The National Security and Investment Bill seeks to give the UK government to block any mergers and acquisitions it doesn’t like the look of, even in retrospect.
The bill applies to a bunch of sectors deemed to be ‘sensitive’. There doesn’t seem to be any mention of specific countries, but we all know which ones are viewed with automatic suspicion these days. The stated aim of the new law is to strengthen the UK’s ability to investigate and intervene in mergers, acquisitions and other types of deals that could threaten its national security.
“The UK remains one of the most attractive investment destinations in the world and we want to keep it that way,” said Business Secretary Alok Sharma. “But hostile actors should be in no doubt – there is no back door into the UK. This Bill will mean that we can continue to welcome job-creating investment to our shores, while shutting out those who could threaten the safety of the British people.”
The media seems to like this concept shutting the back door, but it’s meaningless. Either a piece of M&A is approved or it’s not. Maybe it’s in reference to a general widening of governmental powers to veto even minor asset purchases it doesn’t like the look of.
As the announcement of the bill says: ‘Examples of possible conditions that could be put on deals posing a risk to national security include altering the amount of shares an investor is allowed to acquire, restricting access to commercial information, or controlling access to certain operational sites or works.’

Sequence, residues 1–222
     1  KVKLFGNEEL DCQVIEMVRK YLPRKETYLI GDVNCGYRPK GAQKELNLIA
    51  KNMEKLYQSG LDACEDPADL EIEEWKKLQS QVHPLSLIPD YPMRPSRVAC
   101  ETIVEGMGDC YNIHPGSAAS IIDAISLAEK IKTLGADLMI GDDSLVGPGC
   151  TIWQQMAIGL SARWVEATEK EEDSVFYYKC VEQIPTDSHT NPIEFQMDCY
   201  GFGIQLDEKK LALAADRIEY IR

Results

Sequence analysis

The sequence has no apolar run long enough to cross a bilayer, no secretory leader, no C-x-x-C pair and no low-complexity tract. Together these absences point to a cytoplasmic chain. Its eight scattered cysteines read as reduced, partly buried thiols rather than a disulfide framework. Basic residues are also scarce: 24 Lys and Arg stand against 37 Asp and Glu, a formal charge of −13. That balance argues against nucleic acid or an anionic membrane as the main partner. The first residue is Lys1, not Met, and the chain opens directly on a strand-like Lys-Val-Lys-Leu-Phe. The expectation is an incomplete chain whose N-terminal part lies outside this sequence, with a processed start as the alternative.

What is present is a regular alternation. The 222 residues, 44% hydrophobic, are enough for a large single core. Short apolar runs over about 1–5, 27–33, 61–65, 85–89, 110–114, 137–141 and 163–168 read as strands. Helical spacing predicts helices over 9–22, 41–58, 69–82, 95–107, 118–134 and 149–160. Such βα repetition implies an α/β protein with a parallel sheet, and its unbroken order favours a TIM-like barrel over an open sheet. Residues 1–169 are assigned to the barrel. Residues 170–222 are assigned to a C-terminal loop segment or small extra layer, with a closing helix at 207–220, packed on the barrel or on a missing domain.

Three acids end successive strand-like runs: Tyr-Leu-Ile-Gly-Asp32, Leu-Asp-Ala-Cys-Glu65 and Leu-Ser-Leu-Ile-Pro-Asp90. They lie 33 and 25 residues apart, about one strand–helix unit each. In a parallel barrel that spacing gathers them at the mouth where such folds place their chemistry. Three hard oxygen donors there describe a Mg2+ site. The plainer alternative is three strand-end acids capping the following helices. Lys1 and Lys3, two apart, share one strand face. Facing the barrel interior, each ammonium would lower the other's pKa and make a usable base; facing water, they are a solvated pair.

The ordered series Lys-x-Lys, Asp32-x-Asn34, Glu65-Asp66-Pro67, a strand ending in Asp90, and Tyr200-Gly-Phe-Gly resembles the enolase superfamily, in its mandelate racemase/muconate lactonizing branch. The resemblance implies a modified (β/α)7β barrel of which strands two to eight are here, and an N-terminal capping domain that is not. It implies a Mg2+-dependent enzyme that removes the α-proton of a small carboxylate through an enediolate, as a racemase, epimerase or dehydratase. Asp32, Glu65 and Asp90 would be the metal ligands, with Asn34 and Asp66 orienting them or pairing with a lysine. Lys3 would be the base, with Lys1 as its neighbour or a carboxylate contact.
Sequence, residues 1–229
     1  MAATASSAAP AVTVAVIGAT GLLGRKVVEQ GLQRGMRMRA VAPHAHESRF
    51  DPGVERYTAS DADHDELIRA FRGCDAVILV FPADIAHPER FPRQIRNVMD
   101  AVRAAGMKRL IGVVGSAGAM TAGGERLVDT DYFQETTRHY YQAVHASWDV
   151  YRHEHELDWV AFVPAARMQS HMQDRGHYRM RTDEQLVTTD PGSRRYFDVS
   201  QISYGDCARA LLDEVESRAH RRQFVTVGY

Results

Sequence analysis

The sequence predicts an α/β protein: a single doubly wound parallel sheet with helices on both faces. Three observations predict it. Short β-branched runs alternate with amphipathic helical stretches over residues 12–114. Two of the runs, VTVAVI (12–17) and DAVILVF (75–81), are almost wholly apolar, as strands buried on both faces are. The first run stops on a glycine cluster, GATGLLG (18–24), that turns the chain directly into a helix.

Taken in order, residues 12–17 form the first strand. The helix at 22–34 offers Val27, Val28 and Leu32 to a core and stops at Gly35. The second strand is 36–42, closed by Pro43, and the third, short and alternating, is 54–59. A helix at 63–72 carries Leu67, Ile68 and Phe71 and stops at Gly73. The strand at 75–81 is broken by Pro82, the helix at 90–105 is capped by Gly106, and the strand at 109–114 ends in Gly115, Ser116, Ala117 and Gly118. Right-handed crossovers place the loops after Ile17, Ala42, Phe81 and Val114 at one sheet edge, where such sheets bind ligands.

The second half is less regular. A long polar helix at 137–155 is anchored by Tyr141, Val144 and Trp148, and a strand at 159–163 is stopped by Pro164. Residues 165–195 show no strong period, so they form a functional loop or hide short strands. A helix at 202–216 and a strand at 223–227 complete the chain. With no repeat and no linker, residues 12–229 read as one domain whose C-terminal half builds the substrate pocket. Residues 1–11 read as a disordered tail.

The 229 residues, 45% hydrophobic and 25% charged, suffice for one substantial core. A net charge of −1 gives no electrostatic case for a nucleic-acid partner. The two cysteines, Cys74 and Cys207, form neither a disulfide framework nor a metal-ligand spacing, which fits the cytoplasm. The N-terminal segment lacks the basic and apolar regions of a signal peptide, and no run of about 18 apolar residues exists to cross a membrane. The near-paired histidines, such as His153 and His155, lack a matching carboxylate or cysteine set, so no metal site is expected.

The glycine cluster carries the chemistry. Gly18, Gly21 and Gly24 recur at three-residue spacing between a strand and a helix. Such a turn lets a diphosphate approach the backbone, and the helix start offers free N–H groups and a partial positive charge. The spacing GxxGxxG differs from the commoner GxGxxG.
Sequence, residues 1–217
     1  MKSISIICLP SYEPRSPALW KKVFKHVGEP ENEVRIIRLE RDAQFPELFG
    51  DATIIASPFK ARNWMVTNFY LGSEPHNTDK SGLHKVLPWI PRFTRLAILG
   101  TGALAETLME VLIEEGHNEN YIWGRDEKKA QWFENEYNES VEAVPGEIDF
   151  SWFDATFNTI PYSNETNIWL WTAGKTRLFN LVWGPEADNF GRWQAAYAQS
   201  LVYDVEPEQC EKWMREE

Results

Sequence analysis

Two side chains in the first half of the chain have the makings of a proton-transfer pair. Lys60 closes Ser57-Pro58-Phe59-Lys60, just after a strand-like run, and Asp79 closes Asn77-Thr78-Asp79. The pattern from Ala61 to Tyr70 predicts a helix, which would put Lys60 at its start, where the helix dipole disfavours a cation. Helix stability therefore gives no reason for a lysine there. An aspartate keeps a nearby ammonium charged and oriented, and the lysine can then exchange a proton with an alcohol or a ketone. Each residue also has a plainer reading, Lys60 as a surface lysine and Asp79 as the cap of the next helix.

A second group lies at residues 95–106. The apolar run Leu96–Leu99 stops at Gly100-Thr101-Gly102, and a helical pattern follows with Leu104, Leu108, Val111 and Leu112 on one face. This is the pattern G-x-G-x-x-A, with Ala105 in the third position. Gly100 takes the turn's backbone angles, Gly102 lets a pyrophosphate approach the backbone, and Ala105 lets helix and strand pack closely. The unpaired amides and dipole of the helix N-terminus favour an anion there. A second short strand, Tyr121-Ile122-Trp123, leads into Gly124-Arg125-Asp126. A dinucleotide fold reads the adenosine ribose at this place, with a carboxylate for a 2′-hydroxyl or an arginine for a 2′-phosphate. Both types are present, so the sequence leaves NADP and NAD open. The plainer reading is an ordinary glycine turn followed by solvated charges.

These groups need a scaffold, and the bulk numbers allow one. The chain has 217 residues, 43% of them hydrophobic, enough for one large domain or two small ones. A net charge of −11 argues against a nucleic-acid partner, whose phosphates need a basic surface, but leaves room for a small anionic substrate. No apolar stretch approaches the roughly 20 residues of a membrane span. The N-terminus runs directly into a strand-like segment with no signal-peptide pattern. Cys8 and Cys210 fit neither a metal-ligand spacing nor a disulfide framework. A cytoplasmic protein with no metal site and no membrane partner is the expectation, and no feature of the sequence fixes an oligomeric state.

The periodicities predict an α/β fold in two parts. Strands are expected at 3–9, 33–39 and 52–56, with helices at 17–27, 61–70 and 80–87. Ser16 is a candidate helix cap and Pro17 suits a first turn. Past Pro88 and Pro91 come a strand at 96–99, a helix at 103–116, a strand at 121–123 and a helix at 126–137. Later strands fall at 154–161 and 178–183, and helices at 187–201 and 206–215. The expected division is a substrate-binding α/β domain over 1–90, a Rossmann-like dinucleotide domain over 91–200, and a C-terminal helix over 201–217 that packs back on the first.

There’s even the capacity to act up to five years retroactively on deals that weren’t flagged up at the time, but which seem dodgy in hindsight. That won’t apply to deals done before the law comes into effect, however.
The law seems to have China very much in mind. Its belt and road strategy looks increasingly more like one of aggressive economic expansionism and a line does have to be drawn somewhere. The use of nebulous security concerns as a pretext for the government encroaching even further into private sector business is a concern, however and a delicate balance needs to be achieved if we’re not going to scare off foreign direct investment.
Here’s the full list of sectors deemed sensitive, many of which overlap with telecoms.
- Civil Nuclear
- Data Infrastructure
- Artificial Intelligence
- Autonomous Robotics
- Computing Hardware
- Cryptographic Authentication
- Advanced Materials
- Quantum Technologies
- Engineering Biology
- Critical Suppliers to Government
- Critical Suppliers to the Emergency Services
- Military or Dual-Use Technologies
- Satellite and Space Technologies